In the state of Arizona, driving in excess of 20 mph above the posted speed limit is classified as a "criminal" offense. This is certainly not the kind of traffic violation for which you want to be cited. Trust me. I learned this fact the hard way. But what's a fair-haired lad with a lead foot to do in order to feed his need for speed? Take it to the track, of course.
To help us speed junkies feed our addictions and - just maybe - make better drivers of us at the same time, a wonderful man by the name of Larry Pond founded an organization called Pro Autosports. This organization sponsors open track events at a number of first-rate tracks. Larry is a retired professional racer with over 100 wins to his credit, so he understands the need for speed that gnaws at many of us, and he has dedicated himself to helping us legally satisfy that need, in as safe a venue as possible.
We in Arizona are also fortunate to have a local SVTOA chapter that also believes we should periodically have the opportunity to drive our vehicles the way they were engineered and built to be driven. Toward that end, our club regularly sponsors trips down to the Carlotta autocross track, at Central Arizona College, where we can grind our tires and brake pads down to powder in no time at all. Although Carlotta is a very short track, with average lap times in the vicinity of one minute, it is the same track used by various state, county, and local law enforcement personnel for pursuit training, so it is understandably very a challenging course.
2008 Update: For the 2008 season, Pro Autosports instituted a new rule requiring convertibles without roll bars to run with their tops up. I disagree with this ruling on the grounds that the sail panels of the raised top severely restrict the driver's rear 3-quarter vision, reducing his margin of safety, while the lightweight folding top structure offers no real improvement in rollover protection. Convertibles with roll bars can still run with their tops retracted, but I do not wish to install a roll bar in Taz because I didn't buy a ragtop to put a hoop over my head.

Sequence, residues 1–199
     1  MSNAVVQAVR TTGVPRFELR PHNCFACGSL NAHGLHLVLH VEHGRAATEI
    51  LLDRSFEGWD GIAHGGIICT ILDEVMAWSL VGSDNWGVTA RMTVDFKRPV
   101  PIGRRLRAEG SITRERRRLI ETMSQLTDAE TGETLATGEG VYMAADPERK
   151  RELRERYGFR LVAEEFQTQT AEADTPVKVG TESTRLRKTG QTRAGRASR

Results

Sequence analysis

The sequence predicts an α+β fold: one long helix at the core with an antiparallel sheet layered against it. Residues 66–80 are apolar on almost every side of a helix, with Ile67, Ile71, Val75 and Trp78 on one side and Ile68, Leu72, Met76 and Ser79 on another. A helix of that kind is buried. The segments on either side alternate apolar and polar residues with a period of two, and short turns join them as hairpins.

Furthermore, while this new ruling requires me to run with my top up, I must still leave my side window down. Let me just be certain that I understand this correctly: I'm supposed to create a giant vinyl bag by putting the top up, and then force air into it through an open hole? If you've ever driven a ragtop fast with the top up and windows down, you already know this is an incredibly BAD idea. The air pressure wants to rip the top off, or at least blow the backlight out. How's that for courting disaster at 150 mph down the front straight? No, either the top stays down, or the top AND all the windows go up to at least seal the cabin.
I have not participated in any Pro Autosports event since this rule was implemented. Damned shame, too, because I was promoted into the Orange (intermediate) group my last time out. I may relent at some point and get back out on the track with the top up, but for now, I'm going to just sit around and sulk about it. What really irks me about this ruling is that it was obviously devised to appease a bunch of insurance bean counters who understand actuarial tables just fine, but haven't a clue with regard to physics in general or performance driving in particular.
2009 Update: Well, it appears our Phoenix SVTOA chapter has crumbled following SVT's most recent fall from grace within the Blue Oval organization. Ford has yanked its funding, and we can't afford to foot the bill for the track events on our own, so I can no longer look forward to even the Carlotta autocross events. I guess I'm relegated to the street for the foreseeable future. Really hope things turn around. My need for speed isn't being satisfied, and that's just no fun at all.
Firebird International Raceway
Firebird Raceway contains three separate road courses. The main, or "Firebird" track is the longest. This track can be configured as either a 1.1-mile or 1.6-mile road course, with up to 14 turns along its back side. In either configuration, the main road course includes Firebird's 1/4-mile drag strip as part of its 5/8-mile front straightaway. The long straightaway, coupled with a shorter straight on the track's backside make this the fastest of the three available road courses at Firebird. In addition to amateur road racing, this track is used for testing by professional racing teams and for televised events.
The main road course is the only Firebird track on which I have run Taz. Below are several photos taken there of me and the Cobra.
Waiting on the starting grid
Talking with Larry Pond (headset)
With Scott, our resident club hotfoot, pointing out the best lines
Through the esses on the back side of the track with Scott riding shotgun
Coming out of the final turn, back onto the front straightaway
White flag, indicating one more lap
"Take me to your leader!"
For a few shots of friends and family who attend track events with me, click here.